Preaching to the choir really Robert – you are not wrong, which is why we have the progression, it is all good quality training. But what are people out there thinking?

    We did take the decision to not make CRS a prerequisite for CTT, and to have CTT with the optional RS day on the Thursday and the Friday on the flat range. CRS was designed really to build skill and confidence, and also as a venue for those who do not quite feel ready for the tactical ranges, or spouses/family etc who want more of a flat progression. But I don;t see it greatly being used for that.

    I have used a 4 day CRS/CTT class, with 2 day CRS standalone as an option, before in Texas and Idaho. It is basically a reworked RS.CTT 4 day, with no choice on the first day.

    #49654
    Profile photo of Darkrivers
    Darkrivers
    Participant

    I think it’s mainly a matter of marketing. What problem do people have that mvt can provide a solution to? Thats always the key to selling something. What venues can be used to attract interest? As I have said before I think that having advocates attending local gun shows and selling prepaid vouchers to classes can be very effective.
    Just my .02

    If you're gonna fight, fight like you're the 3rd monkey on the ramp to Noah's Ark... And Brother, it's starting to rain! James from Texas

    #49655
    Profile photo of Max Velocity
    Max
    Keymaster

    People are mentioning marketing, but MVT is very well known across the States. Through the books, website, etc. We have made a lot of organic marketing efforts. But are we known to the right people? WE have already discussed that many preppers / homesteaders / angry right wing types doe not actually train.

    This is part of the reason for TacGun. But I feel my point on TacGun is already lost on this forum, given by lack of input and so far lack of TacGun patch sales.

    I swear if you dyed in the wool preppers could get on TacGun you would make a positive difference. How many of you are angry right wingers hanging over from my WRSA days?

    Because fuck all of you.

    :yahoo:

    #49656
    Profile photo of Hello Kitty (Craig)
    hellokitty
    Participant

    IMO
    You need an advanced course for pistol. Like CQB HOME DEFENSE or ACTIVE SHOOTER. It is catered to clearing buildings as a single using pistols. Use UTM in the huts. Throw in hostage situations. All done in a concealed mode, not battle belts.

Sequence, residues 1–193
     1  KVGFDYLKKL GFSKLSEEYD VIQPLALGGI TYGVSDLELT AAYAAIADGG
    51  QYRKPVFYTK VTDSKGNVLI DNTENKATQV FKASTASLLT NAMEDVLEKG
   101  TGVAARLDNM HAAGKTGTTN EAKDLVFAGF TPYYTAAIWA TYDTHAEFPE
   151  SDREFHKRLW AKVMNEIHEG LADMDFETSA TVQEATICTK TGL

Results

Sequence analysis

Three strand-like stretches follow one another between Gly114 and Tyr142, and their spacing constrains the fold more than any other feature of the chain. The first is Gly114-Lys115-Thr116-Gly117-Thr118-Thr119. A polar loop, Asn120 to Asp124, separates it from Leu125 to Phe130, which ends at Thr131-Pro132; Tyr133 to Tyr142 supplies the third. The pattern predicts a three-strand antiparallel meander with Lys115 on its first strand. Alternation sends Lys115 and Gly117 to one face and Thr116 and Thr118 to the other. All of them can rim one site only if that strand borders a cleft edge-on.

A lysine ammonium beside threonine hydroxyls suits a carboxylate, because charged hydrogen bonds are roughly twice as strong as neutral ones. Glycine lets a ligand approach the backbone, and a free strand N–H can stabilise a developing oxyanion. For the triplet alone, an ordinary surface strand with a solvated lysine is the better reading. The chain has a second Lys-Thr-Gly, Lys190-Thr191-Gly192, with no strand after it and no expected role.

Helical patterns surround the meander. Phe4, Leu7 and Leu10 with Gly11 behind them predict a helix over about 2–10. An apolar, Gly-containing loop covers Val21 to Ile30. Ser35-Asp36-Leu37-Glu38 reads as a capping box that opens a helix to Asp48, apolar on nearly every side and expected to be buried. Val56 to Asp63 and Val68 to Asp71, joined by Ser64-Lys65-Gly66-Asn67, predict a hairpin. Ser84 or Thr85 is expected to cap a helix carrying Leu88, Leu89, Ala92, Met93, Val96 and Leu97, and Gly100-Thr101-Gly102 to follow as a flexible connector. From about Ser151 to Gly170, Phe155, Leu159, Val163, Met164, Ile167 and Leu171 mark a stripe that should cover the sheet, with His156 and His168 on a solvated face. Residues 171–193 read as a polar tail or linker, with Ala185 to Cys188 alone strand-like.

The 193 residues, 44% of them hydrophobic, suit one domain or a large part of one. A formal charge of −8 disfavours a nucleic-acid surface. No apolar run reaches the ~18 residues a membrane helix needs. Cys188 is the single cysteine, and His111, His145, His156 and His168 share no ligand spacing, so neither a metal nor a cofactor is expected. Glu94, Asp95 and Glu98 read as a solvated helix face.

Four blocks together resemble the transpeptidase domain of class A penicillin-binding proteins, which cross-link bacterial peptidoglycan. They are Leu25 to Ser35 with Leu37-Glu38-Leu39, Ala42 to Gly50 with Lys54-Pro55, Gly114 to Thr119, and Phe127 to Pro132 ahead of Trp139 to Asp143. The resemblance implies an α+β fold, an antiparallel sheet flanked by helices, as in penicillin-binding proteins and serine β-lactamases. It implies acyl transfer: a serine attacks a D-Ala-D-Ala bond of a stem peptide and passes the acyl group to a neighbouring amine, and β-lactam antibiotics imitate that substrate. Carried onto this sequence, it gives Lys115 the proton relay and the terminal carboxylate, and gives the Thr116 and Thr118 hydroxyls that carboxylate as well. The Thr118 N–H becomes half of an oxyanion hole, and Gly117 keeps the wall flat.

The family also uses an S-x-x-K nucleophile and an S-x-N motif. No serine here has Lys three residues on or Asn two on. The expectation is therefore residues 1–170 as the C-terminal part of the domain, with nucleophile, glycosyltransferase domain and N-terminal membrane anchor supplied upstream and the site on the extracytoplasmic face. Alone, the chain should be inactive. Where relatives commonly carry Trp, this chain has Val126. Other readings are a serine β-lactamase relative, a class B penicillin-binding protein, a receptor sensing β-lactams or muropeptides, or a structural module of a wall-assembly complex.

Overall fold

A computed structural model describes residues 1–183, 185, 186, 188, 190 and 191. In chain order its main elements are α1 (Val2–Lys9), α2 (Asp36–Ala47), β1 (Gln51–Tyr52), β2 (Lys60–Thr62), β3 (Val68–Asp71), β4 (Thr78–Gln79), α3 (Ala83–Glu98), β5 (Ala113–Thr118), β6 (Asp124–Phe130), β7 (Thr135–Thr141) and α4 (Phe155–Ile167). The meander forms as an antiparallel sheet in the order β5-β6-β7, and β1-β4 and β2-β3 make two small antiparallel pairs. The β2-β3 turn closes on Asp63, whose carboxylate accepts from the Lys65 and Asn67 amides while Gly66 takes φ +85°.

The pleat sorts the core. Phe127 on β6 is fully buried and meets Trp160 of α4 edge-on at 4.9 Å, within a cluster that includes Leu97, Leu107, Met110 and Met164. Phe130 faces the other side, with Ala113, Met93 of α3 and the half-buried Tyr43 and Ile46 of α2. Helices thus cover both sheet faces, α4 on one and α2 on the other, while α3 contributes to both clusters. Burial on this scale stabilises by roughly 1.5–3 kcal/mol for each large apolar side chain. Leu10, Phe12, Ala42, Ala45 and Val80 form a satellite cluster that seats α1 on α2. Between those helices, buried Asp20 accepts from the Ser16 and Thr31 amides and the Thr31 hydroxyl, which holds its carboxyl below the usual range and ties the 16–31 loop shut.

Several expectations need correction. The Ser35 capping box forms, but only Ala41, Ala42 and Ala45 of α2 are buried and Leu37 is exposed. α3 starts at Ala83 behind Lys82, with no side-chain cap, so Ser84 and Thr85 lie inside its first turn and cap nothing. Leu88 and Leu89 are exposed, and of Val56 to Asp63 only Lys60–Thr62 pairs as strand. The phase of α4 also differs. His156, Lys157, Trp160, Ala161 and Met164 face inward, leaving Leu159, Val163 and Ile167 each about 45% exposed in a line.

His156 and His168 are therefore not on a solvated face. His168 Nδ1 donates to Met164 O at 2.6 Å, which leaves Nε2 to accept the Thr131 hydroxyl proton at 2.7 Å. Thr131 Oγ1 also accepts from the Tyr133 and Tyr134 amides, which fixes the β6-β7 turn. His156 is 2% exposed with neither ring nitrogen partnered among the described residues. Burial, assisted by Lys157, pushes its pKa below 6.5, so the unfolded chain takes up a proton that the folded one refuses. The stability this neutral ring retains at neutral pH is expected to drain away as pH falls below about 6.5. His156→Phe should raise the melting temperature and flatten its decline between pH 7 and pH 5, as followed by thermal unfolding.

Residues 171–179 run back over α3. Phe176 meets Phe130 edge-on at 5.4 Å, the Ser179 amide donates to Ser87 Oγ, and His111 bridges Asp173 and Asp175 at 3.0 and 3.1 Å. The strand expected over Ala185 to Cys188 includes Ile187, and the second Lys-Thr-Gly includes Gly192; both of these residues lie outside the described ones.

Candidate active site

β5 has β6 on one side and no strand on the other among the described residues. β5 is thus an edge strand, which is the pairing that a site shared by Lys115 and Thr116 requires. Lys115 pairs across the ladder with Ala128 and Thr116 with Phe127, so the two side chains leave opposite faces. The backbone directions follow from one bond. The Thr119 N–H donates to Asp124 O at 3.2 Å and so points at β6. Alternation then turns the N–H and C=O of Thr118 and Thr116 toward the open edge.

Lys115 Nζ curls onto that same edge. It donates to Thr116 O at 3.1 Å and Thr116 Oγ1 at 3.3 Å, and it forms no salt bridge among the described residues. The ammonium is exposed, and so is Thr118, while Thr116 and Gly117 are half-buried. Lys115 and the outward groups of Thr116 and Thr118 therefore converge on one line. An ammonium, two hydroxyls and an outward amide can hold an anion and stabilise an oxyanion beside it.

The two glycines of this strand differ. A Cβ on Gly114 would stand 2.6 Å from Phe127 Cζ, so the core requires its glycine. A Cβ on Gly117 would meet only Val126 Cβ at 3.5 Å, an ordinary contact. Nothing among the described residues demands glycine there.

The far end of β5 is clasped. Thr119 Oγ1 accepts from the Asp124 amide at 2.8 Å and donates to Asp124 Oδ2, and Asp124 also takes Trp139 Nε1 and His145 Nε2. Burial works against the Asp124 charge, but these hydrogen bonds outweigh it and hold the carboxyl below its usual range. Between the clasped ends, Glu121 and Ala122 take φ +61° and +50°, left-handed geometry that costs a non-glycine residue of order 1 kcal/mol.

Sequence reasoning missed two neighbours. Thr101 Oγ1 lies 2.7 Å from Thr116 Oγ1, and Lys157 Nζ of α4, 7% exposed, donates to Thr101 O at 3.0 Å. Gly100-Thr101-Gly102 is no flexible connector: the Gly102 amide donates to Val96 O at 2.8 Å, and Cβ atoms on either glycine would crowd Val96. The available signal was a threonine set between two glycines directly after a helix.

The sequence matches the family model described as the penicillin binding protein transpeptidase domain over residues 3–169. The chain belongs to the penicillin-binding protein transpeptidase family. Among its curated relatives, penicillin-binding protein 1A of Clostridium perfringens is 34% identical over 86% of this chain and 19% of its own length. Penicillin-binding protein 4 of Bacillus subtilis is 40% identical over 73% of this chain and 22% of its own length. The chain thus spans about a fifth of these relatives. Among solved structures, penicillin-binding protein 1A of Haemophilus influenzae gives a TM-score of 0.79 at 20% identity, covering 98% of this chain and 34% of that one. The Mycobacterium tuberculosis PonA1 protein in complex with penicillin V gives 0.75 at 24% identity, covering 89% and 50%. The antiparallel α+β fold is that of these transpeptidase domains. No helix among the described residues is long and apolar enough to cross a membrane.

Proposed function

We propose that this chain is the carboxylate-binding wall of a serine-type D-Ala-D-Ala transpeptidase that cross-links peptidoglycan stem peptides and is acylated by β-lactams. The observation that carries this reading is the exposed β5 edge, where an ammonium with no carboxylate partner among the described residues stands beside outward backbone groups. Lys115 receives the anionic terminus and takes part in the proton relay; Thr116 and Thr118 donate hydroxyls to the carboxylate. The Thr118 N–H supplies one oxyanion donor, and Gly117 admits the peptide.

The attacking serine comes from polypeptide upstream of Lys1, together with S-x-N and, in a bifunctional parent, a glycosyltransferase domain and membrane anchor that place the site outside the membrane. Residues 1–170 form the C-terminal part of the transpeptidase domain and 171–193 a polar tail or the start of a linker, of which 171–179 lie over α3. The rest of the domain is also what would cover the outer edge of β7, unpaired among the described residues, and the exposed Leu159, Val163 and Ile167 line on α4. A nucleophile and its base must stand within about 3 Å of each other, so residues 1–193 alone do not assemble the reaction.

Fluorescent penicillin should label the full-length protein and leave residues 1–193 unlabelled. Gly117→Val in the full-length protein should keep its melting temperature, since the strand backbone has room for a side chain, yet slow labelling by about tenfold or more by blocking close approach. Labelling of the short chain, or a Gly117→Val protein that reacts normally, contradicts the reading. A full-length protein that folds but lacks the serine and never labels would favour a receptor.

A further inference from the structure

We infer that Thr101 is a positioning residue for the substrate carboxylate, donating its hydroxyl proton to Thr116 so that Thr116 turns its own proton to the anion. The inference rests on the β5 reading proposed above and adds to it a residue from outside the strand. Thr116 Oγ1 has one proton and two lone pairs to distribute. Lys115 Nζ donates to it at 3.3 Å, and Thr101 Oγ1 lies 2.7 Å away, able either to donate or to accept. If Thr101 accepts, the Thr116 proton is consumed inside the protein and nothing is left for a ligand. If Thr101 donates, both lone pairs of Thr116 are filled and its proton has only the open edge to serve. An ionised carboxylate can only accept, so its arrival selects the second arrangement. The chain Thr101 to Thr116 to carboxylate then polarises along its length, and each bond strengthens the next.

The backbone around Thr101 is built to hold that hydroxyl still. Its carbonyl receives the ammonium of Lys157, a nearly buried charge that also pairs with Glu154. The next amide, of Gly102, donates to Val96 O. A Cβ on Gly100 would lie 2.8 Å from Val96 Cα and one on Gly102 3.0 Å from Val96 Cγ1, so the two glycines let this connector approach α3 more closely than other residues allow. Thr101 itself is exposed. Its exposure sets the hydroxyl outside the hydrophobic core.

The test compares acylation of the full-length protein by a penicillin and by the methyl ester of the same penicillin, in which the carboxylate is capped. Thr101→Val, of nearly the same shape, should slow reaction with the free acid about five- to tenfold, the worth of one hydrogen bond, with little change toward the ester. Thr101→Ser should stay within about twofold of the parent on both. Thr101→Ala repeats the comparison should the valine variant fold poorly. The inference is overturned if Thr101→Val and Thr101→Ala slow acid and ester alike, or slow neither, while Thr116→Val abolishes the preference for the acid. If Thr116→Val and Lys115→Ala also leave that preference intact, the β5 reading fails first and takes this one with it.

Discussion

Make DCH a prerequisite. You will see both classes fill up.

    CTT 1502, NODF 1502, CP 1503, RC 002- Rifleman, FoF x 2, Run and Gun, RS/CTT, CLC, CQBC, Heat 1

    Craig S.

    #49657
    Profile photo of Max Velocity
    Max
    Keymaster

    HK: fucking genius. Need to look into UTM for pistols though, may be complicated.

    #49658
    Profile photo of Max Velocity
    Max
    Keymaster

    There is the issue. Multiple pistol conversion kits.

    https://utmworldwide.com/pistol-hub/

    #49659
    Profile photo of Darkrivers
    Darkrivers
    Participant

    Being well known and reputable is just the basis to support for your active marketing efforts. Actively selling people your classes. Things like gun shows, ads on local gun sales sites, seminars, etc. TacGun is a marketing vehicle that can broaden the appeal of your training. The simunition/ utm based classes are a great way to draw people. A company that is local to me does Active shooter response classes two three times a year that are always sold out. They use two UTM glocks and a paintball rifle to simulate active shooter scenarios. These classes are 1/2 defensive pistol and 1/2 day active shooter scenarios. They also do these classes as a two day with one day of trauma care.

    If you're gonna fight, fight like you're the 3rd monkey on the ramp to Noah's Ark... And Brother, it's starting to rain! James from Texas

    #49660
    Profile photo of Hello Kitty (Craig)
    hellokitty
    Participant

    For UTM day/s only. Stick with Glock conversions only. Have some Glocks to use. Only need 2 along with a cheap holster and a mag pouch each. Since your doing single clearance with 1 OPFOR, you can switch out the Glocks if needed. Most people carry Glocks anyway.

    On live fire range days, students can use their own pistols and gear.

    To keep costs down, have only two Glocks set up for UTM for days at the huts. You can acquire bolts for Glocks as you grow the class. Have some glock holsters and mag pouches that are snap on so easy to swap between students.

    You can’t accommodate every pistol make people carry. Stick with Glocks.

    CTT 1502, NODF 1502, CP 1503, RC 002- Rifleman, FoF x 2, Run and Gun, RS/CTT, CLC, CQBC, Heat 1

    Craig S.

    #49661
    Profile photo of Hello Kitty (Craig)
    hellokitty
    Participant

    You can also develop a concealed hqndgun CQB night course using handheld flashlights. You can spend a whole day live fire range during day learning light shooting techniques. Not pistol mounted lights. Would you point your pistol at your kids since your only light is on your gun? No, so need to learn shooting one handed using a light in offhand. Which is hard. Waaa. Then go to huts and run CQB at night with lights.

    I do not recommend combining these classes. Learning how to shoot with a handheld light is technique unto itself. Also doing CQB at night with a light is another skill set.